Archive for the ‘writing’ Tag

Virtual writing

My favorite online forum, where I’ve been a member for over a year, yesterday offered me the chance to revise my username.  The original pick I made was not helpful in SEO terms, so I happily decided to take up their offer.  But what to change it to?  My actual business name, Virtual Writing & Communications, seemed too long and difficult for a username.

It was a useful exercise, one that reminded me how useful it is to bravely strip down to essentials.  Rather than padding, setting up fluffy barricades to protect your identity and meaning, the trick is to chisel down to the core and then surface with a simple, naked, unadorned truth.

(If you Twitter often and well, you can appreciate the power of brevity.  If you’re a poet, you know real poetry is stark, not ‘flowery’ at all.)

So my username has become plainly,  ‘virtual writing.’  And of course, I can’t just accept that, but have to consider the precise meaning of those words.  We have fiction and non-fiction writing, we have journalistic, poetic, and prose styles.  And now we have this new form of writing that’s called ‘virtual writing.’

What distinguishes this new form?  We can infer that the ‘virtual’ qualifier at least points to the internet, and probably involves product delivered digitally.  Further, I’d like to suggest that virtual writing is writing tailored to the speed and engagement level of the internet; to the ‘scanning’ behavior of most people when they browse;  to the necessity of SEO; and to a global audience of anyone (as opposed to a much smaller audience of those who choose to purchase your writing.)

So that takes care of the virtual part, but what about the writing part?  The internet is about writing in a very big way, resulting in huge numbers of bloggers and online writers who are trying to get their message out, but are seriously compromised by their sub-standard writing skills.  We plunge into the opportunities of the internet without solid practice in this skill, and many a post includes misspellings, poor grammar and rhetoric, obvious total lack of proofreading, and other written communication failures.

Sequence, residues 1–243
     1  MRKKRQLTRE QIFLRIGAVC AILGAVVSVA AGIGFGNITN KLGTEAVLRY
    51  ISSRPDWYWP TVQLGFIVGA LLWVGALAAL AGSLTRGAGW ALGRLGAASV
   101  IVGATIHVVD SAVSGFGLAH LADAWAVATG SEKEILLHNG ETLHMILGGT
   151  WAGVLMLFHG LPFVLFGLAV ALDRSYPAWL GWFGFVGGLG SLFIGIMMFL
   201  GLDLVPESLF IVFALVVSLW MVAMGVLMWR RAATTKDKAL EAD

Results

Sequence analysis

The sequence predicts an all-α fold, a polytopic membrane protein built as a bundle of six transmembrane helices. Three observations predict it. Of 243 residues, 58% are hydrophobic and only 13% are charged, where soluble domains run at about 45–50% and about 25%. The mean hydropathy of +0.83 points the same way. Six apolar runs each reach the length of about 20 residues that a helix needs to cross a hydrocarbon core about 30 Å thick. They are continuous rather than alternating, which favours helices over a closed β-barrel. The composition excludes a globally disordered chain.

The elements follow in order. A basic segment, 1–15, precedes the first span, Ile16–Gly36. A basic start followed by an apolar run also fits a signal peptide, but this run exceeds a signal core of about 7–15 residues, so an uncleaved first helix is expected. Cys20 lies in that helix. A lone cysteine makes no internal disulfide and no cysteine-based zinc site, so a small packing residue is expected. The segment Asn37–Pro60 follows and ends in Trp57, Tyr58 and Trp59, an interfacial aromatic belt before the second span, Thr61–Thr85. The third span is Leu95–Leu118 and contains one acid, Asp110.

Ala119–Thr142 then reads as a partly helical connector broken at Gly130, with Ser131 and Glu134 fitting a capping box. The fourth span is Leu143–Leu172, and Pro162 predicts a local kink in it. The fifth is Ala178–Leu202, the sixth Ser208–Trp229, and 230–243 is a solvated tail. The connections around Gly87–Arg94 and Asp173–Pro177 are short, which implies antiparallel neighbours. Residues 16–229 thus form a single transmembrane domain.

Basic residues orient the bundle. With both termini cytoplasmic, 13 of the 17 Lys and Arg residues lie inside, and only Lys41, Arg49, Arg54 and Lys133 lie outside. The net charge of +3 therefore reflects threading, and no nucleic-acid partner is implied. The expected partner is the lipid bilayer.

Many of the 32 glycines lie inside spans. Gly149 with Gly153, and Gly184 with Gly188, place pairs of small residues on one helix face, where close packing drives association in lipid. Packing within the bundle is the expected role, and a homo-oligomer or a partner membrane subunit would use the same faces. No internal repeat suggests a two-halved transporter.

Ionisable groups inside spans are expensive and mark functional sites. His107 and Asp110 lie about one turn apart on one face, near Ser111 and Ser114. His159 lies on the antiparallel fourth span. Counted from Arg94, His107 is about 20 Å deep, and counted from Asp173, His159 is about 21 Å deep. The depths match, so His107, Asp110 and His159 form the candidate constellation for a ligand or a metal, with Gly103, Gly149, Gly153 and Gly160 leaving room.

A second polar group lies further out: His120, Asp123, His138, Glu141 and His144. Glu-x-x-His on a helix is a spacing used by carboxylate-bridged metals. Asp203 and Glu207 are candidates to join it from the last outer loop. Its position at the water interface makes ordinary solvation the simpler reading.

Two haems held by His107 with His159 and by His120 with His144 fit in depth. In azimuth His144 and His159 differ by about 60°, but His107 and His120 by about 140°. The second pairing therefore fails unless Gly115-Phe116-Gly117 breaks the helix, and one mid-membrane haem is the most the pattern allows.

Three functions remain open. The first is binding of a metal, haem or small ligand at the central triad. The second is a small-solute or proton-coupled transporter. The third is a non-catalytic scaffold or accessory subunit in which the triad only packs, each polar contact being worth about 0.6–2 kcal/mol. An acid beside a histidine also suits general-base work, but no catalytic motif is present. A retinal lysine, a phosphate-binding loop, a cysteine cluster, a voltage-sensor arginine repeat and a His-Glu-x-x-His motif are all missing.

Does it matter?  If most can decipher your meaning even if the writing is terrible, who cares?  I think it really doesn’t matter much at first.  The reader is there for your message, after all, and if it can be gleaned from the morass, fine.  But in the long run, the quality of your writing is a major influence on your reputation.  A reader may get a kick out of your post, but will not remain devoted for long if your writing’s not accurate and rich.

I’m passionate about writing, it’s true.  Words are objects of great beauty to me.  The internet, also, has captured an enormous part of my attention.  So I’m happy with this new moniker: ‘virtual writing’ is me!

P.S.  This blog is moving to, and will no longer appear here after this week.  Please visit my website!

Back at ya, Naomi

Naomi Dunford of IttyBiz tossed out a challenge last week to her readers. She generally addresses small businesses (IttyBiz, get it?) in her posts, and Naomi’s humor and candor make her an instantly lovable daily read. Though often gut-bustingly funny, she also delivers great insights into issues and resources for the small biz scene.

This particular post comments on how easy it is to chat merrily along in your blog, only to realize many of your readers don’t realize what you do for a living. So Naomi listed the following ‘interview’ questions, suggesting we all post clarification. Last Wednesday was National Administrative Professionals Day, so I figure I’ll join the chorus. Here are your queries, Naomi, and thanks for asking!